Town officials weigh tighter rules for gifts policy
As New Canaan officials look to establish controls on the acceptance and use of donations to the town, one key issue they're seeking to address is how residents and organizations should specify the purpose of their gifts.
"If people are giving money to the Food Pantry or to the K9 (program), that's what they want to give to," Selectman Beth Jones said at the Board of Selectmen's meeting last week. "They don't want to throw it at the general fund. ... I think it would discourage them from giving at all."
A proposed policy discussed at that meeting would set specific rules guiding how large a donation must be in order to be reported and how long a department can hold on to a gift before it is deposited in the town's general fund.
Although the selectmen agreed the town lacks a well-defined structure for major donations, a vote on the policy -- which is still in draft form -- was tabled so departments have time to weigh in.
"I think people are very emotional about what they give and they have a strong connection with a department, but there has to be a fine line," First Selectman Robert Mallozzi said. "We want to define what is the authority of the first selectman, what has to go to Town Council" and what would not need approval.
Under the draft policy, which includes practices that already are in use, all gifts would have to be reported to the first selectman, who would be authorized to accept donations between $1 and $5,000 on behalf of the town without Board of Selectmen approval. The board would have to approve gifts between $5,001 and $50,000, and donations in excess of $50,000 would need both Board of Selectmen and Town Council approval.
The policy would also set parameters for naming as a condition attached to a gift and require that excess funds, with some exceptions, be deposited in the general fund in no less than two years.
Police Commission Chairman Stuart Sawabini and Police Chief Leon Krolikowski attended the meeting to express their concerns with the policy. Citing the Police Department's K9 program -- for which the department has been collecting donations since summer 2013 -- the commissioner said staffing issues sometimes delay the use of donated funds.
"It may be two or three years before we get to spend them," Sawabini said. "This (proposed policy) indicates there would be a two-year horizon and that would be unrealistic to us."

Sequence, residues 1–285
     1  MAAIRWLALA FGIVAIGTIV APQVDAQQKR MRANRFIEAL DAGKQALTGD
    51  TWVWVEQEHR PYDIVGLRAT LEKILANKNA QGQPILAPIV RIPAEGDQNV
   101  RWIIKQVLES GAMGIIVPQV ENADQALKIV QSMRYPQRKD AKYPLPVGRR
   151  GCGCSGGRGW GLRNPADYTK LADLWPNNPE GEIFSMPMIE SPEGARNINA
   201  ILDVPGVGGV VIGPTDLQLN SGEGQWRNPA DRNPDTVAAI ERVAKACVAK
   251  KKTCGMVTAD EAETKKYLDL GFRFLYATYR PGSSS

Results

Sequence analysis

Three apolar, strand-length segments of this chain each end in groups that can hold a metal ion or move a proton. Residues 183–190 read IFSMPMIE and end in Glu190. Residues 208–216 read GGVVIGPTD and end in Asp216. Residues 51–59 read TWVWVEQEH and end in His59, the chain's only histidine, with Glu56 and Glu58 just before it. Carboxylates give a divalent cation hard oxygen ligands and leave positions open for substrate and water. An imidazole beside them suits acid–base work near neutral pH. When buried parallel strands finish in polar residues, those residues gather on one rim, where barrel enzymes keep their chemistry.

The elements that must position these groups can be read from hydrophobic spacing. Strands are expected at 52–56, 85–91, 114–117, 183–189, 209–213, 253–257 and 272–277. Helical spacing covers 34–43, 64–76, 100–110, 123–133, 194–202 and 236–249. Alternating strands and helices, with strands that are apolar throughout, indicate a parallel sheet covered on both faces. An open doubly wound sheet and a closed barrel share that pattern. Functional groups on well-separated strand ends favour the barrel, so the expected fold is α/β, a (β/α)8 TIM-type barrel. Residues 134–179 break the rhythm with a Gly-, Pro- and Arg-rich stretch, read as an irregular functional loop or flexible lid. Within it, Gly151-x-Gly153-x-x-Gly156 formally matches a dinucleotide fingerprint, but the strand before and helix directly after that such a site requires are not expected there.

The K9 program has been in limbo because the department does not have enough police personnel to dedicate an officer to the job.
Krolikowski noted the commission has been working on its own gift policy for a
"We have a lot of policies internally in the department and we want to make sure that those are consistent with what the town does," he said.
The chief added that seeking approval for every single dollar that is donated could become a burden for potential donors.
"We often will get unsolicited donations," he said. "It's kind of silly that we're rejecting money like that as long as it's been used fiducially."
Mallozzi agreed that having to approve every single gift -- such as a sandwich that was given to a police officer, as Sawabini mentioned -- could be a "cumbersome" process. He was concerned, however, with donations that are too specific and may not benefit the town as a whole.
"It's all wonderful that your departments get recognized with special gifts," he said. "But should that be going that directed or should we ask them to make a contribution to the town so that when the roads are being impaired that there's some offset to it? In other words, it's so directed that the overall town might actually not be as much of a beneficiary of that kind of support as an individual department."
"I get requests all the time from people who would like to donate a tree, a bench for a park," Recreation Director Stephen Benko said.
Money donated to the town toward specific projects is kept at the special projects account, not the general fund, Finance Director Dawn Norton told the board.
Selectman Nick Williams said a more specific policy, requiring funds to be directed to a specific project, would give "some comfort to the donors."
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